SUMMARY: Ada Williams, age c. 27, died on February 20, 1916 from complications of an abortion perpetrated in Denver by Dr. Noble O. Hamilton.

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Dr. Noble O. Hamilton
Ada Williams, about 27 years old, was living in Denver in early 1916 when she got a letter from her mother in Nebraska. Nearly 50, Ada's mother was going to give birth soon and feared that she might die in childbirth, so she asked Ada to come to her.


Ada, pregnant herself, decided to have an abortion before she left in order to facilitate the journey. With her husband, Thomas, she went to Dr. Noble O. Hamilton on Sunday, February 13, asking about proceeding with the abortion Ada had already discussed with him. Hamilton told her to return the following day, and told Thomas to bring $25, which was how much he charged for delivering a baby and seemed to be a fair amount to charge for aborting one.

Ada returned as instructed at about 9:40 in the morning. Hamilton later admitted that he examined Ada, including a vaginal exam, and inserted a medicated tampon, but denied that he had performed any abortion.

On Tuesday morning, Thomas stopped by Hamilton's office on the way to work and paid $10 toward the abortion. After Thomas had gone, Ada got up and went to visit a friend, who later reported that she seemed ill.

Wednesday came and Ada stayed in bed, where she labored and delivered a dead three-month fetus. She sent for Hamilton, who wrapped the dead baby in paper and burned it in the stove. He gave aftercare instructions and left.

On Thursday, Ada was showing signs of going septic. Hamilton diagnosed her as having typhoid fever. The next day he brought in a Dr. Gundrum to consult about the typhoid diagnosis but said nothing about the abortion, not even to claim that Ada had miscarried.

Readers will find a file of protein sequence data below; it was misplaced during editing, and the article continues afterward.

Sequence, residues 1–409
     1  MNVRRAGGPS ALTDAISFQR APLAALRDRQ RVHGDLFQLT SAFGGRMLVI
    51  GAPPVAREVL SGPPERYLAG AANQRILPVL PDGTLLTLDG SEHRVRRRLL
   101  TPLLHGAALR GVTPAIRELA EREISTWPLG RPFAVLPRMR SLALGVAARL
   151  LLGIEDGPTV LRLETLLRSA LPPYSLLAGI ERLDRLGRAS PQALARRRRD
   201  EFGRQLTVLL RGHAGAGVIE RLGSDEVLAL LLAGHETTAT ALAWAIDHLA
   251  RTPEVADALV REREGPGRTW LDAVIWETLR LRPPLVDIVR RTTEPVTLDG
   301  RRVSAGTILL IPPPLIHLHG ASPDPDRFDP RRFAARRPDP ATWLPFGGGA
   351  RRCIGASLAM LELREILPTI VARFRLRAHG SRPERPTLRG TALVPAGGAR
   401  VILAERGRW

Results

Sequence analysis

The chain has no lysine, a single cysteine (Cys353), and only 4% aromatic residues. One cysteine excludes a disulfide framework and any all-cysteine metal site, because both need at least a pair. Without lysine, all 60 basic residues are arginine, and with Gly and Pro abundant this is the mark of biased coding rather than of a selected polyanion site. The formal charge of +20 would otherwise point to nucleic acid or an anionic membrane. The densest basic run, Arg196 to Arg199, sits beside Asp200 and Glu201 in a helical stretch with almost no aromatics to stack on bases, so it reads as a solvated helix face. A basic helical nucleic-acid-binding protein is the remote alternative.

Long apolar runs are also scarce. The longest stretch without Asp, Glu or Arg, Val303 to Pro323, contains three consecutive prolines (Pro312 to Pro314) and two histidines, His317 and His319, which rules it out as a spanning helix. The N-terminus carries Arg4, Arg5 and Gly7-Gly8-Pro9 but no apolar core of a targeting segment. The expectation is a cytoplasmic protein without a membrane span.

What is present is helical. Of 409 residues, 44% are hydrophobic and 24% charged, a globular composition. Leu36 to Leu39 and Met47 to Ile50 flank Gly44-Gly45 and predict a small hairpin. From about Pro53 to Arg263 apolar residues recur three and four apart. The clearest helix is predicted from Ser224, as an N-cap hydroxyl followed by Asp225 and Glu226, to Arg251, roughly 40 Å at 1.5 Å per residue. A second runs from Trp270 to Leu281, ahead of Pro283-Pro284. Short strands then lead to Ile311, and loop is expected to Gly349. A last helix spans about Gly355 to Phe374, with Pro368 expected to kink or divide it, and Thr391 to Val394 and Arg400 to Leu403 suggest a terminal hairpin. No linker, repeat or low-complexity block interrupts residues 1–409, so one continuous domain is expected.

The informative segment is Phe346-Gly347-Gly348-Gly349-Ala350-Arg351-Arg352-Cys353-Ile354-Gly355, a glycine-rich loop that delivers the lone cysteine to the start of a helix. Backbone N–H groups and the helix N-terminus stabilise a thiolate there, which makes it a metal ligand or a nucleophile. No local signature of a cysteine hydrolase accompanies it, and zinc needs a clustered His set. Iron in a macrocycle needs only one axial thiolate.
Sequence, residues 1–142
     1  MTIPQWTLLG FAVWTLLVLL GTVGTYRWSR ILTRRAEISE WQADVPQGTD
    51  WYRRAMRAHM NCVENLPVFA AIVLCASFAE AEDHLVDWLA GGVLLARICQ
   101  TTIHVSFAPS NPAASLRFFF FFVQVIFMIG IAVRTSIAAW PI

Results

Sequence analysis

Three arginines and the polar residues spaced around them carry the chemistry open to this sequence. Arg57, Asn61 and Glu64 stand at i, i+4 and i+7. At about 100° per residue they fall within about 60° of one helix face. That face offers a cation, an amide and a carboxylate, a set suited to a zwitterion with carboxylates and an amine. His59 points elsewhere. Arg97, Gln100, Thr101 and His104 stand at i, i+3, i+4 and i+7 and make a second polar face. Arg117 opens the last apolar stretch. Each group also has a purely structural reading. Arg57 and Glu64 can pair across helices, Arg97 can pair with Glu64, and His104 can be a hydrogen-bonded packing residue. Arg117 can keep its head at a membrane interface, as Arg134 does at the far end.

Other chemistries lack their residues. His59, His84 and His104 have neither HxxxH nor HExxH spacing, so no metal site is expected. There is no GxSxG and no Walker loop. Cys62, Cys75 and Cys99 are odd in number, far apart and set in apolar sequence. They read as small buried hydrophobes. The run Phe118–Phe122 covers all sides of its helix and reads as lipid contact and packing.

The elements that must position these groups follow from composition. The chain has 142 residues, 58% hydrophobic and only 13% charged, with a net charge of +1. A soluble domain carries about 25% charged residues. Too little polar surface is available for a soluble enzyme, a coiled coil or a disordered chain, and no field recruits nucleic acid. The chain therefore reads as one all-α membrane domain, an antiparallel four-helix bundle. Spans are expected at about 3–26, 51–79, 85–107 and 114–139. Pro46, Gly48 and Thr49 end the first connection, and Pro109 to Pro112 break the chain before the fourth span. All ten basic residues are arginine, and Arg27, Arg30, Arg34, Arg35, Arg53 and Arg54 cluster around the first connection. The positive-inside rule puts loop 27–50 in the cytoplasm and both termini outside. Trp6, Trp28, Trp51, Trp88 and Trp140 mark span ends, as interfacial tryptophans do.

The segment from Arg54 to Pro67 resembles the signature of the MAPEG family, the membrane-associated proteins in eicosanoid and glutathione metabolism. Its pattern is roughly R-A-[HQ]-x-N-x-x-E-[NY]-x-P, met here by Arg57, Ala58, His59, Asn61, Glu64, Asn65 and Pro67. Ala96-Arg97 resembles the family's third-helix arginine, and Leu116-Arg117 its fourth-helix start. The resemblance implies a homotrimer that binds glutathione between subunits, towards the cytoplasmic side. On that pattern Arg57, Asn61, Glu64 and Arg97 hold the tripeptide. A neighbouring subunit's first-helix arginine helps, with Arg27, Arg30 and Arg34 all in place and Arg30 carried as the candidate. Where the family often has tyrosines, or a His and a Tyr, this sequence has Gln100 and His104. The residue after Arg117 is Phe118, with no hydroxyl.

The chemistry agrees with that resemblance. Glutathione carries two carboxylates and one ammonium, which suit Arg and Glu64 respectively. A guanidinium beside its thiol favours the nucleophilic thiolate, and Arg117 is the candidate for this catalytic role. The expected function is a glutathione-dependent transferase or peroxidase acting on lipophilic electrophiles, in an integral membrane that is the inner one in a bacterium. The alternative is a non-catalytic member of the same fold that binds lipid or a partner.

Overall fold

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Dr. Monson came to check on Ada on Friday and found her in grave condition. Hamilton still tried to keep the abortion a secret but Monson managed to ferret out the information from Ada somehow. He admitted Ada to a hospital, where she died of sepsis the evening of Sunday, February 20.

When convicted and sentenced to ten to eleven years, Hamilton swore his innocence:

"If your honor doubts my innocence of this crime of which I have been convicted, I will kiss the Bible and take an oath upon it that I am telling the truth and if I swear falsely may heaven darken my eyes, may every drop of water I drink henceforth turn into blood and may I never again regain my standing posture after kissing the Good Book."

He placed the blame on "a certain secret society to which Mrs. Williams belonged" which "furnished information to its members on how to prevent child bearing."

The verdict in the Ada Williams case was upheld on appeal.

Note, please, that with overall public health issues such as doctors not using proper aseptic techniques, lack of access to blood transfusions and antibiotics, and overall poor health to begin with, there was likely little difference between the performance of a legal abortion and illegal practice, and the aftercare for either type of abortion was probably equally unlikely to do the woman much, if any, good.

In fact, due to improvements in addressing these problems, maternal mortality in general (and abortion mortality with it) fell dramatically in the 20th Century, decades before Roe vs. Wade legalized abortion across America.

For more information about early 20th Century abortion mortality, see Abortion Deaths 1910-1919.

external image MaternalMortality.gif
external image MaternalMortality.gif


For more on pre-legalization abortion, see The Bad Old Days of Abortion

Sources:
  • "State News," San Juan Prospector, Rio Grande County, CO, Mar. 24, 1917
  • Hamilton v. People, No. 9042, Supreme Court of Colorado, Jun. 4, 1917
  • "Dr. N.O. Hamilton Makes Impassioned Plea, Swears Innocence," Denver Post, Jun. 17, 1916
  • "Accused Physician Must Stand Trial on Murder Charge, The Denver Post, Feb. 24, 1916

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